Ireland: Cameroonian women travel to Dublin to thank nuns who taught them 0

A group of 21 women are travelling to Dublin to show their appreciation for Irish nuns who taught them in Cameroon during the 1980s.

The women, who are all graduates of Lourdes Secondary School for Girls in Mankon, a town in western Cameroon, will be paying tribute to the Holy Rosary Sisters, who empowered them when they were teenagers.

The group, who called themselves the “Pacesetters”, include members who have worked and travelled the world, some earning PhDs and Masters with careers in engineering, nursing, medicine and more.

They are due to land in Dublin Airport this afternoon.

Dr Claire Minang, one of the students from the class of 1986, said the trip was an opportunity to thank the sisters.

“They gave us everything we needed to excel in the world when we got out. That’s why we’re so grateful,” she told RTÉ News.

During their trip to Dublin, the group will be visiting Sr Mary Neville, 90, who served as their principal.

For Nagella Nwana Nukuna, now a technical manager at DuPont, the multinational chemicals firm, the school, while strict and structured, allowed them to grow.

“They were loving sisters to us. And, as we have grown up, we could all see that that level of structure is sometimes good,” Ms Nakuna said.

Although Sr Mary has long since retired, she remembers her time at the school, and her time with her girls fondly.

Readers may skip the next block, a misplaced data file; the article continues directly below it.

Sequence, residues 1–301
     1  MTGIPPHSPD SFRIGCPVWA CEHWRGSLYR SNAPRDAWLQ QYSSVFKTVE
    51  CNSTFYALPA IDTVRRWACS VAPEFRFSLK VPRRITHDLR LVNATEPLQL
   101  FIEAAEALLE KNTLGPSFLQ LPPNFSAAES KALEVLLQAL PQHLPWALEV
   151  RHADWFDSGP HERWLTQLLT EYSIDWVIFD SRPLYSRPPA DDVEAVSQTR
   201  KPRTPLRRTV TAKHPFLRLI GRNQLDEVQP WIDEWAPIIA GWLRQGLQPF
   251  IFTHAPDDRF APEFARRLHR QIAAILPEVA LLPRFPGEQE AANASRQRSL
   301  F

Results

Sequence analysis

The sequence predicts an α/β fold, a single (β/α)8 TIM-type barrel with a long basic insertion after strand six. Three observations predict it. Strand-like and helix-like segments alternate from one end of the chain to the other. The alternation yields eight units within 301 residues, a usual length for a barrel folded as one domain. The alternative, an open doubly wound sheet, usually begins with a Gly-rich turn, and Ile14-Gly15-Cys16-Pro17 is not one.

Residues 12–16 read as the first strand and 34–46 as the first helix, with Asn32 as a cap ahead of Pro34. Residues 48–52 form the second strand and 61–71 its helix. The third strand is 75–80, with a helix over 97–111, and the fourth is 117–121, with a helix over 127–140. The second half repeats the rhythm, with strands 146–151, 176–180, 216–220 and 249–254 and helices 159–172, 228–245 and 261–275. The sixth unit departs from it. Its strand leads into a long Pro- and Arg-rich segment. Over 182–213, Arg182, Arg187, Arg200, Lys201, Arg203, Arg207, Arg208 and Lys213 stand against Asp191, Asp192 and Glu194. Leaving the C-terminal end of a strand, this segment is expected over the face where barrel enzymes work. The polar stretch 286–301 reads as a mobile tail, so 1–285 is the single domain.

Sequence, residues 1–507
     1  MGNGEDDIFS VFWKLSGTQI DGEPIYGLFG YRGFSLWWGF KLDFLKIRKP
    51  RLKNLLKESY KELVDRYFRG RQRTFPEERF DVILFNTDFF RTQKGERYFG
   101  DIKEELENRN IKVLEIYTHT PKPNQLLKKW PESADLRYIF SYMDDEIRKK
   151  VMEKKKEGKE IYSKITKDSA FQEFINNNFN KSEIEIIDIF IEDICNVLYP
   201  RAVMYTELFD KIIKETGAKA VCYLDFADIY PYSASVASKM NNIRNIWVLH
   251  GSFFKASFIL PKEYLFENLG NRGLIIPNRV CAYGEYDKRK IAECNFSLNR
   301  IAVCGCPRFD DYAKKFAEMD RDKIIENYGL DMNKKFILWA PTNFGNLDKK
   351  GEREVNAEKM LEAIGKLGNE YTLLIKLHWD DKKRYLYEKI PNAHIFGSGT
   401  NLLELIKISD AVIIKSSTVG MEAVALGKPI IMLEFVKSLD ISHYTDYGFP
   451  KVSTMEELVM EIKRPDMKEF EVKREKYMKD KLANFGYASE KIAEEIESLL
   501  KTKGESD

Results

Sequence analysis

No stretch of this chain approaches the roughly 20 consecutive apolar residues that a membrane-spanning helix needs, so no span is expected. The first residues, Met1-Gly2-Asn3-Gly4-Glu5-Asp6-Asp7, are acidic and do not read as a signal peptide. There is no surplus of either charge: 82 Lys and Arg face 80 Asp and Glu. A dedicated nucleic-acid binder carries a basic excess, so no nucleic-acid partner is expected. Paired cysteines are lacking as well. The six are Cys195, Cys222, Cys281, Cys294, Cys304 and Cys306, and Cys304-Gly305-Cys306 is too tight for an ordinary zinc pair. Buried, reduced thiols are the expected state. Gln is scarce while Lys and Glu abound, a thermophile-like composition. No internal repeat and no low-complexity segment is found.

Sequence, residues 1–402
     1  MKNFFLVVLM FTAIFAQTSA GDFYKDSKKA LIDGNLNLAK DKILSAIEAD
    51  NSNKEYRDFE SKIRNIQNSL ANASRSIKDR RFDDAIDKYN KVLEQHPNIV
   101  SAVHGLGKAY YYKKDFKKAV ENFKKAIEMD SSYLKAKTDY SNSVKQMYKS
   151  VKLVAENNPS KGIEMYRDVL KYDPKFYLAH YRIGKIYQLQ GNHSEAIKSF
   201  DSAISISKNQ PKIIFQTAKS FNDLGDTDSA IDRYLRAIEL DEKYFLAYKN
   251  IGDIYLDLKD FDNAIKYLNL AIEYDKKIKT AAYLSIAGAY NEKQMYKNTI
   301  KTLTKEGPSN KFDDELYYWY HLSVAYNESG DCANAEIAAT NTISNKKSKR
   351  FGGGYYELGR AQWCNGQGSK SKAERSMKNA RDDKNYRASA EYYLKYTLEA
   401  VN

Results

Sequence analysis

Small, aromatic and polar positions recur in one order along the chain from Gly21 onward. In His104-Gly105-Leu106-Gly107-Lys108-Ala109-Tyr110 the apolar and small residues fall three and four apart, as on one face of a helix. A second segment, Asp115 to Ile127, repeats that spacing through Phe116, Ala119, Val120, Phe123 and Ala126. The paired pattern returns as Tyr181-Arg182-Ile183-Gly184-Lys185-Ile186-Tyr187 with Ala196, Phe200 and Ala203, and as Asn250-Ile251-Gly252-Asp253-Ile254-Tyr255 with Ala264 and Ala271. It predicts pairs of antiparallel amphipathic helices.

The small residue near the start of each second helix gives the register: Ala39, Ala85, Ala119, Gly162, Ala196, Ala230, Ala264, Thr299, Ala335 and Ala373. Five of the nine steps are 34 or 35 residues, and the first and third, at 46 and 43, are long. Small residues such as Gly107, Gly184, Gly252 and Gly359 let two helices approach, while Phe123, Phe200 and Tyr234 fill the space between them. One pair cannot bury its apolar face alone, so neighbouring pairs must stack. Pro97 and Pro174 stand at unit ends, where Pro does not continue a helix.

She said that each of the women appreciated the opportunity of education, during a time when it was generally the males that went to highs school and further education.

“The girls were anxious to make the best of their opportunity, and they worked very hard. I found them very conscientious and responsible people,” she said.

Sr Mary also applauded their parents who sent them to the school, acknowledging that, for many, it was a big financial sacrifice.

During her time there, she tried to ensure the best learning environment, working closely with the other teachers and prefects, even banning corporal punishment.

“I encouraged them to say what kind of school they want, how are you going to achieve that and having great pride in your own compound, in your school and in your own family” Sr Mary said.

Nogwa Fonjoe, who now works in cloud computing, remembers joining the school. She said that she had initially felt homesick after leaving her parents’ home.

However, despite the often strict curriculum and daily structure, she credits Sr Mary and the rest of the Holy Rosary Sisters for teaching her discipline.

Speaking to RTÉ News, she said it helped the students be more organised.

“It helped us appreciate what a good education is and we’re able to pass that on as well to our children.”

Today, the women are all still in touch with each other, regularly in contact through WhatsApp and supporting each other through their milestones.

For Sr Mary, it is an opportunity to reunite with the girls she once knew and celebrate the heights they have reached.

“Now they’ll be women, some of them grandmothers, well dressed and very mature. I’m so excited to be meeting them again.”

Source: RTE